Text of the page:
The problem is very serious and the demographics will only get more unequal, while investment levels are as robust as ever. The key is on-the-job learning, getting yourself stretched, and getting feedback on what’s going well. To me, the new professionals who develop the quickest are those with an insatiable curiosity and a real hunger to learn how the basics work and how they can contribute to making the business work better.

The best mentors are often not those with lengthy monologues, but the ones asking intriguing questions that make you really think. The best supervisors are those who put their new people in a position to prove themselves and learn in a “safe” environment. So select your entry job on the basis of exposure to business-critical tasks, supervisor quality, and, most important, whether you think the job is a challenge. Do not take the job description at face value; instead, look at the job opportunity—what can you add and what can you potentially get out of it.

The petroleum industry is expanding into emerging/underdeveloped economies. How do you suggest multinational companies approach learning and development of YPs within their organizations?

Some of the major players in emerging economies with new oil development have very strong technology capability and very talented people. In Shell, we have the greatest respect for national oil companies—both for their people and their technical capability. However, in fast-growing economies, the competition for talent is more intense than elsewhere. My advice to any graduate—from developed or developing economies—is to get out and go international as soon as you have a good grounding and can thus bring real value to other countries. There’s nothing that teaches you so much as operating in a foreign country or region.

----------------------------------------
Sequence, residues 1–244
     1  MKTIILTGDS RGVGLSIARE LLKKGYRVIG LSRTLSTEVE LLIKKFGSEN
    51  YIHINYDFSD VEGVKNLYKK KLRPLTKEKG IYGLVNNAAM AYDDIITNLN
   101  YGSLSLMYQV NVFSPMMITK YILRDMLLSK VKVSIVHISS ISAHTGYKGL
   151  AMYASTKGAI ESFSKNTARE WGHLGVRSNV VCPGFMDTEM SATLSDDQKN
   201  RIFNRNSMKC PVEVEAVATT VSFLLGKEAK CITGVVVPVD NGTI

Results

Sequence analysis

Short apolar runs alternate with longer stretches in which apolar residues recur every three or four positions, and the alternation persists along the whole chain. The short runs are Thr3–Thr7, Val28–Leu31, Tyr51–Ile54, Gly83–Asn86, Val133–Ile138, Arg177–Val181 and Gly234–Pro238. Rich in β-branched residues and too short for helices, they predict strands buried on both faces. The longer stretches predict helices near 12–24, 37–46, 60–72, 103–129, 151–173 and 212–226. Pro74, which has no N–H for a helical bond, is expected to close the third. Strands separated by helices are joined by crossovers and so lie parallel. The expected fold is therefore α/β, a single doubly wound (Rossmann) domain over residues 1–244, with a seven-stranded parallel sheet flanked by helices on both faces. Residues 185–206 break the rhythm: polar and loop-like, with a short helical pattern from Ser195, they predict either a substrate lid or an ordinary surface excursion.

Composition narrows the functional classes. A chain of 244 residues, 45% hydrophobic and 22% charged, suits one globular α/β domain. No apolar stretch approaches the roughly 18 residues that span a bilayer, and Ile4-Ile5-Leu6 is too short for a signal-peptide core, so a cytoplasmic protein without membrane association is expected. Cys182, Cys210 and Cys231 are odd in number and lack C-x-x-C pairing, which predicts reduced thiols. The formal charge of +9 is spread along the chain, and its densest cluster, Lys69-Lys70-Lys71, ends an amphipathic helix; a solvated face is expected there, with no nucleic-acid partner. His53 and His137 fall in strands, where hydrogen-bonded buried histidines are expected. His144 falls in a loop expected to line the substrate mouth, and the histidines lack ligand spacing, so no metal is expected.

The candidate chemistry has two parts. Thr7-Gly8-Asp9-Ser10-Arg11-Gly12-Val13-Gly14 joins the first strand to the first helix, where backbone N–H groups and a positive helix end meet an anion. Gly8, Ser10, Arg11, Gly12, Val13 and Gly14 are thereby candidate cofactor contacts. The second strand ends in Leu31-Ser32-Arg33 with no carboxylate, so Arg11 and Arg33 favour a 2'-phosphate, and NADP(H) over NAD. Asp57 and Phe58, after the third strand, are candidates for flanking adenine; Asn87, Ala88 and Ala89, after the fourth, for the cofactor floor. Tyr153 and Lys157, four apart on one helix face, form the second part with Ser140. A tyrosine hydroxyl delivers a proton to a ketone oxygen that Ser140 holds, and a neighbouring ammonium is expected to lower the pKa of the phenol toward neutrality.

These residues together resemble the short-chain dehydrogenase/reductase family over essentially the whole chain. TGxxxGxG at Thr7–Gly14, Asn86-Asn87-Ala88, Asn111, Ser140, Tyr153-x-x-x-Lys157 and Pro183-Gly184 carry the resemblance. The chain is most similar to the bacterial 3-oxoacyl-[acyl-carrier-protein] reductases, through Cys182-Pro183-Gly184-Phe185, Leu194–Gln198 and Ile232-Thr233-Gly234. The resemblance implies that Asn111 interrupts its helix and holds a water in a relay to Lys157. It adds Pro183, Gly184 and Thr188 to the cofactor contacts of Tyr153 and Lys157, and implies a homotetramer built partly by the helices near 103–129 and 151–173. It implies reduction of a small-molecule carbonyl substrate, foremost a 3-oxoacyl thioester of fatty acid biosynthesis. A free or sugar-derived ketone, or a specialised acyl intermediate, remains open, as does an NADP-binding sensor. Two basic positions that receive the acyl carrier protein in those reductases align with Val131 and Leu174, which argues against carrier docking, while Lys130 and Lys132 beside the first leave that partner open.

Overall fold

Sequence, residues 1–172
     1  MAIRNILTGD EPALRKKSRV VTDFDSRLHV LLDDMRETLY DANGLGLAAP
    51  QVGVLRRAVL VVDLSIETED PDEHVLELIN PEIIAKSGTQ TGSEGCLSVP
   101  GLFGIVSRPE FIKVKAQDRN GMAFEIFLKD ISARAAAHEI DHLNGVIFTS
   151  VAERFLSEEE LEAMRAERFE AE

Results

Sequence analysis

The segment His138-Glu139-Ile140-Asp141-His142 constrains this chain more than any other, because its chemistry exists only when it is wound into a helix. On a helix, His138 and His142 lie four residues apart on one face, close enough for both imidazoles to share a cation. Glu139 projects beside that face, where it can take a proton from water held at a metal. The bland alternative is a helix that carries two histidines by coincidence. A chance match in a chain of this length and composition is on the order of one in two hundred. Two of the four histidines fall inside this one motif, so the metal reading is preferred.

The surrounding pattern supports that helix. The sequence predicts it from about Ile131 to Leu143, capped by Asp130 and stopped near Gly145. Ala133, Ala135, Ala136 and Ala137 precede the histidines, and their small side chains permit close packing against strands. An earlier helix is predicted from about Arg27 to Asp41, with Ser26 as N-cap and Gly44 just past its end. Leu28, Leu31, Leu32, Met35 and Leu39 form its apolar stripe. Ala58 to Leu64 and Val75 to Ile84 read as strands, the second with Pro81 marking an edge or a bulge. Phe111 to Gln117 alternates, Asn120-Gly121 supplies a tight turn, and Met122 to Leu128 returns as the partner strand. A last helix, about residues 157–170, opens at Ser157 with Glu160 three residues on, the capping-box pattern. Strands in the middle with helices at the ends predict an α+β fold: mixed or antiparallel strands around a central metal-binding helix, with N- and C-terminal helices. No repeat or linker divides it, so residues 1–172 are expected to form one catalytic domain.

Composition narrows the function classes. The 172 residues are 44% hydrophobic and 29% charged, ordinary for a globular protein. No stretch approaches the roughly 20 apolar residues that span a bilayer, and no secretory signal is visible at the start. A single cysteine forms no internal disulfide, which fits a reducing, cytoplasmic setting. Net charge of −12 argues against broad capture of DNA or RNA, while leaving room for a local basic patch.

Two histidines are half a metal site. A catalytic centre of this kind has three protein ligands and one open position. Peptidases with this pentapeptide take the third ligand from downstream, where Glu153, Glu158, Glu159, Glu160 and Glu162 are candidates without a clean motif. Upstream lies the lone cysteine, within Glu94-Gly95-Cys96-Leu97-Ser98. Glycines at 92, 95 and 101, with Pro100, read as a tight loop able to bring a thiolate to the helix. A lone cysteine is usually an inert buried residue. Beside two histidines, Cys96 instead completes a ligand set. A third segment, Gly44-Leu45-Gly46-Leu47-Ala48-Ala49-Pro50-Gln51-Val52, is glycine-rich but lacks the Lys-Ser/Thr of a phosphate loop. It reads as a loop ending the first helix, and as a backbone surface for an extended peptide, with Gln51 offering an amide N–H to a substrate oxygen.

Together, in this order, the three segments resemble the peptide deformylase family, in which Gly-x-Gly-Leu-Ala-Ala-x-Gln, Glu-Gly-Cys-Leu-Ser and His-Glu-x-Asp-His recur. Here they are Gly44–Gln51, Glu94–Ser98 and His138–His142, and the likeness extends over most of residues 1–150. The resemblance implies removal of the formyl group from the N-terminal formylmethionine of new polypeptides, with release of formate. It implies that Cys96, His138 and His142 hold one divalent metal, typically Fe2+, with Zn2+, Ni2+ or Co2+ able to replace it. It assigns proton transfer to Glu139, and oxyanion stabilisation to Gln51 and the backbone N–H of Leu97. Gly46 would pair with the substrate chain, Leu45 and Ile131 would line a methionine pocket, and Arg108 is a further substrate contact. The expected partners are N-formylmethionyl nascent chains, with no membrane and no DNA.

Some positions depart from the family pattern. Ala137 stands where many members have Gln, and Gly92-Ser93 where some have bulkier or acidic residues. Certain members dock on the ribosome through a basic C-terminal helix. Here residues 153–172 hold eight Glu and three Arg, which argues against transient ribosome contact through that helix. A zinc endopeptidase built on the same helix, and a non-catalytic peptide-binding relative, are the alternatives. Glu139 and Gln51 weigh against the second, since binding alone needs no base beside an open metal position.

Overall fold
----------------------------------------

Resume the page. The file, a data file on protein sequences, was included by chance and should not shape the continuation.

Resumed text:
What advice can you share about leadership? How can a YP achieve and maintain a successful career with a leading-edge company in the mastery of core discipline skills? How do you think SPE can help?

It was Napoleon who said that any battle plan was obsolete after five minutes in battle, but he still planned all his wars meticulously as he believed it prepared the mind. So first, do the same and get yourself a plan. Sit and write down what you want out of life, what you want to become very good at, what you can bring to the table, and also be honest about your strengths and where you need to grow. A personal career plan isn’t fluffy—see it as a personal business plan that outlines how you’ll build your competitive edge.

Second, focus on excellence in your current job. There’s no point in continuously thinking how to forge ahead in your career. It’s like a game of tennis where the best players focus completely on the ball. Do the best you can and attempt to get a little better every day. Also give some time every day to reflect on what you’ve learned. If it’s nothing, then it has been a bad day regardless of how busy you’ve been.

Third, teamwork. Focus on becoming a good team player. Listen and always try to learn something from others. The future of the business is about the best teams, not the best individuals. Be mindful of different preferences people have regarding how to communicate and interact. Learn not just to accept but to value these differences. Do not assume everyone is as literate in virtual working and getting in touch electronically as you are. Everyone has something to offer, and you need to figure out how you can get people to give and be the best they can be.

SPE can help in many aspects. It creates connections and facilitates industry learning. It also increasingly plays a role in setting minimum standards for certain technical disciplines, which is important in a globalizing, “prove-it-to me” world.

Jorrit van der Togt is vice president of learning and organization effectiveness at Shell, responsible for technical professional training. His role is global and he operates from the Projects and Technology Technical Center in Rijswijk, Netherlands. Before his current position, he worked in industrial relations in upstream new hire leadership orientation training and as human resources (HR) manager in information technology (IT) in London and downstream distribution in Houston. Van der Togt earned a BA in management from Nyenrode Business University, MS degrees in IT and in organizational psychology from Utrecht University, and a PhD in social psychology from Groningen University.